Music in Prisons Paper
Music in Prisons: A Preliminary Report (Griffiths University)
Dr Alexis Kallio from Griffiths University has permitted us to share a paper they wrote with Alexandra Gorton on the impacts music programs can have on individuals. Below is an extract from the papers introduction:
Education systems, healthcare services,
workplaces, religious leaders, community groups and others
have harnessed the power of music to inspire and enact
change: empowering individuals and working together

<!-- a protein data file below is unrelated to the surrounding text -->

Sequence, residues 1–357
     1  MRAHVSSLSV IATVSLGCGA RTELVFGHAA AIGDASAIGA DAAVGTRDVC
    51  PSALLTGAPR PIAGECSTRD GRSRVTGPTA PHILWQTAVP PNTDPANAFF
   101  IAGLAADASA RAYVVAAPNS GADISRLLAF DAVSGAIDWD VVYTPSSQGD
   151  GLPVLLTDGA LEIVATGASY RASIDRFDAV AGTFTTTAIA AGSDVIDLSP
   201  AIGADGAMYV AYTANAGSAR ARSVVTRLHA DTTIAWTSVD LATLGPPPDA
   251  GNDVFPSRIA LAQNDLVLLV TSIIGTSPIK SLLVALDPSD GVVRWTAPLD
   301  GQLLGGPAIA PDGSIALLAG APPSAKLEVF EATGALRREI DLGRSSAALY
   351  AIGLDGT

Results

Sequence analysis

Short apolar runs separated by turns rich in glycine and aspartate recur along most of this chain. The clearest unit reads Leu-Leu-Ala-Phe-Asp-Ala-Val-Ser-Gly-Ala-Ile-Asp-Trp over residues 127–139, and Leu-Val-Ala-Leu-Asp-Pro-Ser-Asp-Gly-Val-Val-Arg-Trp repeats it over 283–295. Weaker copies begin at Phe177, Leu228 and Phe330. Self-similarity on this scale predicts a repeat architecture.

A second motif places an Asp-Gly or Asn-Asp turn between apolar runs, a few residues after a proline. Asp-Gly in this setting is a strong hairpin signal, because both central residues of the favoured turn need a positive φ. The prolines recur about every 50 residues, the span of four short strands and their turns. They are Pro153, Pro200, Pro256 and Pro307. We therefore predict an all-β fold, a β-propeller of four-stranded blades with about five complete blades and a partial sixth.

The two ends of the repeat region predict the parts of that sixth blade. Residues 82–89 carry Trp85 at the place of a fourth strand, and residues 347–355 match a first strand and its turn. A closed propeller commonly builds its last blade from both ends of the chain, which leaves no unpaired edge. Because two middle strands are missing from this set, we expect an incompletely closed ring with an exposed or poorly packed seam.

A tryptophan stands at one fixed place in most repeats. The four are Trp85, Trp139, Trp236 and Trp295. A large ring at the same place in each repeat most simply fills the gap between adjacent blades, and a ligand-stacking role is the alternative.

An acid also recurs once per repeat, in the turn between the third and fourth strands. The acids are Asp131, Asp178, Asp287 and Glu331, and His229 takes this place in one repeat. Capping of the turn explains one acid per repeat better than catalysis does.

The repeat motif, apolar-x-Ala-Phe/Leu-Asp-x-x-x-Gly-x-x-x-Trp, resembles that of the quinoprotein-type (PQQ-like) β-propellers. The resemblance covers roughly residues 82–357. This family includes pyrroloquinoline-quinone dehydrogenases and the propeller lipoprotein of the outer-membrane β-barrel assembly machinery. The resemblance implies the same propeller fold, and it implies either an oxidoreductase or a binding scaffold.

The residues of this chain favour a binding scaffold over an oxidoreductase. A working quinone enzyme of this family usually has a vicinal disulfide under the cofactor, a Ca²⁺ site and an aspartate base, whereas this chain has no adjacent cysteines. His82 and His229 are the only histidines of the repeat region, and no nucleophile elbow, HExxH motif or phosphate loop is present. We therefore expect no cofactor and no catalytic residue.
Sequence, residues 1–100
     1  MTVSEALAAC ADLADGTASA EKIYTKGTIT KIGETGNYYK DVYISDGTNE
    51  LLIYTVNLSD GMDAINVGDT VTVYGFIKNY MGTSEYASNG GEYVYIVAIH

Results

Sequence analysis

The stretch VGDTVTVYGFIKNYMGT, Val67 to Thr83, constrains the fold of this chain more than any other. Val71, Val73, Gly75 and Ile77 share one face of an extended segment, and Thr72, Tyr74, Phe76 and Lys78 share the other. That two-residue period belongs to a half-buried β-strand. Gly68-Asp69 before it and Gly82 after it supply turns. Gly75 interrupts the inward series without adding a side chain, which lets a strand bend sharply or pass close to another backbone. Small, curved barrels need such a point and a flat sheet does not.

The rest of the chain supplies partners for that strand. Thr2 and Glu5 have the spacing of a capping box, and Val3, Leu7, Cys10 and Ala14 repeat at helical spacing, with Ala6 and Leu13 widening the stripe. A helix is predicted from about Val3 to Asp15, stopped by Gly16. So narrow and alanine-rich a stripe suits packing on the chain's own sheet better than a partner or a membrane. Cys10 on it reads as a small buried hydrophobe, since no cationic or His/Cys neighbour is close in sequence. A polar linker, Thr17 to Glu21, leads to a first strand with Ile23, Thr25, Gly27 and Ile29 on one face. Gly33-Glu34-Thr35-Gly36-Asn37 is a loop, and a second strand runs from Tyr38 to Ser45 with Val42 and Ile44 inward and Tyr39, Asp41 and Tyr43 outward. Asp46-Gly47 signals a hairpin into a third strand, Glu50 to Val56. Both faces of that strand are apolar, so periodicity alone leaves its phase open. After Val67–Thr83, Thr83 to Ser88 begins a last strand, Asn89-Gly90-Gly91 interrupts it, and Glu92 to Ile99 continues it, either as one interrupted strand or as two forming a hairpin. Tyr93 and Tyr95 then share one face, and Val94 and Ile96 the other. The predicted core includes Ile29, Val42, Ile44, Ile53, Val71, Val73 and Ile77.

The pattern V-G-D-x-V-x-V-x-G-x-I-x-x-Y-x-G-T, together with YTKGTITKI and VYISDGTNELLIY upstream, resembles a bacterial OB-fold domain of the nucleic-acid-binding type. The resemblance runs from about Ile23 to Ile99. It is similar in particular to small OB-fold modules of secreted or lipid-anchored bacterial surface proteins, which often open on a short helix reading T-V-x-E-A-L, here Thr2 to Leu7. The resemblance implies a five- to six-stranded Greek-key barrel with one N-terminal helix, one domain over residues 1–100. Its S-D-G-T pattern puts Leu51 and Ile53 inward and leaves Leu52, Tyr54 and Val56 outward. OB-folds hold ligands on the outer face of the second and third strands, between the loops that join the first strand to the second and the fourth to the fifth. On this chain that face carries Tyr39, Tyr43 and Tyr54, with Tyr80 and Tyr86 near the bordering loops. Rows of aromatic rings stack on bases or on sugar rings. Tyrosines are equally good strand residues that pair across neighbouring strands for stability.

towards the ideals of equity and justice in a variety of settings.
These transformative potentials have seen music education in
criminal and youth justice systems since the mid-19th
Century. However, more recently as justice systems around
the world seek to promote human-rights centred and
strengths-based approaches, music-making programs are
emerging as powerful tools to support the wellbeing and
rehabilitation of incarcerated adults and young people.
This preliminary report outlines the importance of music for
individuals and communities in criminal and youth justice
settings and presents some innovative programs that have
been implemented around the world.